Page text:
Stargazing at January 2019


 

Moon Phases and Notable Celestial Events

Waning Crescent

  • here 1st to 3rd January
    • Moon and Venus close to each other  in morning sky
    • NASA’s New Horizon spacecraft at Ultima Thule
  • http://ezeta.com/index.php?option=com_content 3rd January
    • Moon and Jupiter close to each other in morning sky, below constellation Ophiuchus
New Moon

  • click 6th January
    • New Moon
    • Partial Solar Eclipse, 01:43 UT (not visible in UK)
    • Venus is at greatest western elongation, morning sky in constellation Libra
Waxing Crescent

  • 9th January
    • Earthshine visible on waxing crescent moon in evening sky
  • cheap mircette birth 12th January
    • Moon and Mars are close in evening skies close to horizon , at 21:31 UT
First Quarter

  • 14th January
    • Moon and Uranus close to one another evening sky between constellations of Pisces and Cetus
Waxing Gibbous
Full Moon

  • 21st January
    • Total Lunar Eclipse starts at 03:34 am, totality lasts from 04:41 to 05:43 am (visible in UK)
    • Supermoon
Waxing Gibbous

  • 22nd January
    • Venus and Jupiter close to each other in morning sky low on horizon below constellation of Ophiuchus
Last Quarter

  • 27th January
Waning Crescent

  • 31st January
    • Moon surrounded by Venus and Jupiter in morning sky

 

 

 

 

46P/Wirtanen Comet

46P/Wirtanen Comet stays whole night over horizon, over January it moves from Lynx to Ursa Major constellation. In second half of January comet starts to slow down and stays in Ursa Major, but now it decreases in brightness rapidly and at this point binoculars are required.


 

 

 

Quadrantid Showers of January


This photograph is taken by Neil Zeller

 

  • Quadrantids

    • Occurrence window: 28th December to 12th January
    • Peak window: night between 3rd – 4th January, 02:20 UT
    • Duration: few hours
    • Constellation: Boötes
    • Parent body: 2003 EH1 Asteroid
    • Approximate velocity: 41 km/s
    • Zenithal hourly rate: 60 – 200
Waning Crescent

  • Illumination: 6%
  • Position: Moonless night for the most time, Moon rises around 6am in UK

 

 

 

 

Planets

Mercury

  • Apparent magnitude: up to -0.9
  • Constellation: Sagittarius
  • Mercury very close to horizon whole month, towards the end of January planets starts to rise above it, morning sky.

Venus

  • Apparent magnitude: up to -4.6
  • Constellation: Libra
  • 1st to 3rd January
    • Moon and Venus close to each other  in morning sky
    • The rest of the month to close to the Sun to be visible
  • 6th January
    • Planet is at greatest western elongation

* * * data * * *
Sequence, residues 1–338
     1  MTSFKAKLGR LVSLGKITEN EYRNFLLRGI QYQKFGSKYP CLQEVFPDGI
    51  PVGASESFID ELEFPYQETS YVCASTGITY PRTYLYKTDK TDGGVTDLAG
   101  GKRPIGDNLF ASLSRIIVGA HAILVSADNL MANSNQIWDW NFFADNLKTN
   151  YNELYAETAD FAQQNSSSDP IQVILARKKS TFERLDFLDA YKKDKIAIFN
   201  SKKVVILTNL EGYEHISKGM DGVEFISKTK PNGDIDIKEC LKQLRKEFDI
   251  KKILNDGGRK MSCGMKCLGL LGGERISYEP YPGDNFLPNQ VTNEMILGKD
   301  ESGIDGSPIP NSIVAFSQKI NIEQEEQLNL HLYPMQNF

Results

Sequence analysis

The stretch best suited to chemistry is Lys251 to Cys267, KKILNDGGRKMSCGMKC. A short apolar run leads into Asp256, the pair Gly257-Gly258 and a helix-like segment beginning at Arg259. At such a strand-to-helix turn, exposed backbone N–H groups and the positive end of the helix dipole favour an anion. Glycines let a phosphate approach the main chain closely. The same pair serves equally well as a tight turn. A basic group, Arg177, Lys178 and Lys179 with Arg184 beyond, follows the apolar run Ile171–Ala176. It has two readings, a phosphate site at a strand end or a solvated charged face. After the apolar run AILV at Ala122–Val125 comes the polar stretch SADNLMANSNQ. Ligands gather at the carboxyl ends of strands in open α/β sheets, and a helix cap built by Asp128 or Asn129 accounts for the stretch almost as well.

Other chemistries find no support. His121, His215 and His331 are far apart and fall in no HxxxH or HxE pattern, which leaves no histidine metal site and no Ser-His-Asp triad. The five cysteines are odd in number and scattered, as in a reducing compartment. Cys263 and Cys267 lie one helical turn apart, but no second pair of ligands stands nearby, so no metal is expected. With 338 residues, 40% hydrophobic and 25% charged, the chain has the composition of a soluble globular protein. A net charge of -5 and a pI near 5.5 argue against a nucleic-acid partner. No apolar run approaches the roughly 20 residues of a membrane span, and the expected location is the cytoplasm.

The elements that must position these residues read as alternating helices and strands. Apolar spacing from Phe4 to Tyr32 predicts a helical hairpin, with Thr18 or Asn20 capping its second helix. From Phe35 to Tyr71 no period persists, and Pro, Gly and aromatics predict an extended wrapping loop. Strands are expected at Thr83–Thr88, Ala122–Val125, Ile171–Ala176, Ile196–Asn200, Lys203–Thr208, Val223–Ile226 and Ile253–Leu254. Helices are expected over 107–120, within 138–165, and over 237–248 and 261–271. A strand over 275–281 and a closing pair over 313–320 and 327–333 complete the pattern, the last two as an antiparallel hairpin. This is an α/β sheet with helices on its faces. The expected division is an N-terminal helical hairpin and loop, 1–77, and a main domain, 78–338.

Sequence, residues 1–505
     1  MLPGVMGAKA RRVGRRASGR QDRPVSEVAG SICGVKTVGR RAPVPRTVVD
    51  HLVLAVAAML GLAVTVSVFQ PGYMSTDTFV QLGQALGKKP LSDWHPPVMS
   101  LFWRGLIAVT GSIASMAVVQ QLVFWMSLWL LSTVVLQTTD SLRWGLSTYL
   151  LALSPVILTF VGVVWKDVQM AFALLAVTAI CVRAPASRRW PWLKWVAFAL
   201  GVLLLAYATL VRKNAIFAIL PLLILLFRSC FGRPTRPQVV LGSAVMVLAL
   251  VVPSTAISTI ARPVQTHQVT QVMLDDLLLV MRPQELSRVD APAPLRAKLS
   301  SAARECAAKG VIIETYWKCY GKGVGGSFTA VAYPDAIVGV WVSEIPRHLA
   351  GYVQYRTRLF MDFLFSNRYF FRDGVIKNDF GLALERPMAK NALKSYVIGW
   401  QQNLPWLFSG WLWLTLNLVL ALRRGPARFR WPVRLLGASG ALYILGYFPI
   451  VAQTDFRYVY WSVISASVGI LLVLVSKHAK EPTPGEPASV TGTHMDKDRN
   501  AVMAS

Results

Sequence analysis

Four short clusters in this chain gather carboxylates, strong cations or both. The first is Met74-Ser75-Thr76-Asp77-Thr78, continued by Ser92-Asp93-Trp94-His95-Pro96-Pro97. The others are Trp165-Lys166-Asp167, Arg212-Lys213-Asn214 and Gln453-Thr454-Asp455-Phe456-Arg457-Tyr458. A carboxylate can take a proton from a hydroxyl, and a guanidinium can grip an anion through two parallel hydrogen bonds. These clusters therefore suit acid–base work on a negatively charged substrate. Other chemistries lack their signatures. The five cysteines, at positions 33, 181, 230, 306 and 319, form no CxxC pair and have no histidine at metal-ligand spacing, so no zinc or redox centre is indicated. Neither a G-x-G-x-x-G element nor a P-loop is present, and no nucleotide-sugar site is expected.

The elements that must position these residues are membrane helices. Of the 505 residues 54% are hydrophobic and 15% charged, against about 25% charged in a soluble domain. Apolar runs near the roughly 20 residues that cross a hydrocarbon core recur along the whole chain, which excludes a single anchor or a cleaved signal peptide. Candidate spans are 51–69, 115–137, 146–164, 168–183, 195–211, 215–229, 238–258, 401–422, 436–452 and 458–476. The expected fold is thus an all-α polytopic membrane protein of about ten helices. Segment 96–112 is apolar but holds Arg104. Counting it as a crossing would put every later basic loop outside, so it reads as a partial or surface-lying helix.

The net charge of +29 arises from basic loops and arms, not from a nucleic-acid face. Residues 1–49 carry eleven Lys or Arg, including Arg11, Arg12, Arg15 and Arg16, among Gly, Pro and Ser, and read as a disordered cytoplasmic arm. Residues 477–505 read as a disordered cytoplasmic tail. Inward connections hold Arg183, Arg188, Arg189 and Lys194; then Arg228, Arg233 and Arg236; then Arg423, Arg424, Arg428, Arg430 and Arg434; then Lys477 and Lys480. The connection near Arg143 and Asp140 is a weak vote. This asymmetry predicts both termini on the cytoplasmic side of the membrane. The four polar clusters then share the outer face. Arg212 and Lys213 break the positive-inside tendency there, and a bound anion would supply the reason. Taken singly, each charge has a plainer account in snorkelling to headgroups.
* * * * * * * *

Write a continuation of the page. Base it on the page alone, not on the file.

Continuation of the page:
• Whole January it stays low to horizon as a morning star
  • 22nd January
    • Venus and Jupiter close to each other in morning sky low on horizon below constellation of Ophiuchus
  • 31st January
    • Moon surrounded by Venus and Jupiter in morning sky

Mars

  • Apparent magnitude: up to +0.8
  • Constellation: Pisces
  • 12th January
    • Moon and Mars close to each other in early evening sky.

 

In beginning of January the planet is low over horizon in early evenings before hiding in horizons hew. Mars is gaining distance from horizon towards end of January.

Jupiter

  • Apparent magnitude: up to -1.7
  • Constellation: Scorpius
  • 3rd January
    • Moon and Jupiter close to each other in morning sky, below constellation Ophiuchus
  • 22nd January
    • Venus and Jupiter close to each other in morning sky low on horizon below constellation of Ophiuchus
  • 31st January
    • Moon surrounded by Venus and Jupiter in morning sky

 

 

At the start of month Jupiter is low in the sky as morning star. In second half of January it is a bit higher in the sky still as morning star.

Saturn

  • Apparent magnitude: up to +0.6
  • Constellation: Sagittarius

 

Hidden under horizon for most part of January. In the last days of January you might see Saturn as morning star in constellation Sagittarius with apparent magnitude of +0.6.

Uranus

  • Apparent magnitude: up to +5.8
  • Constellation: Pisces
  • 14th January
    • Moon and Uranus close to one another early evening sky between constellations of Pisces and Cetus

High in the night sky in first half of the month up to midnight (UK). Later in the sky Uranus is loosing “attitude” and gets closer to horizon. Apparent magnitude of +5.8

Neptune

  • Apparent magnitude: up to +7.9
  • Constellation: Aquarius

 

Low in the sky in beginning of January, planet is visible just in early evening before hiding below horizon. As nights passes, later in the month Neptune hides under horizon completely.

 

 


Reference list:

 

Moon Giant – Moon Phases January 2019

International Meteor Organization

Stellarium (Software)

The Astronomical Almanac (2019 – 2023) – book by Richard J. Bartlett

2019 Stargazing: Month by Month Guide to the Night Sky – book by Heather Couper & Nigel Henbest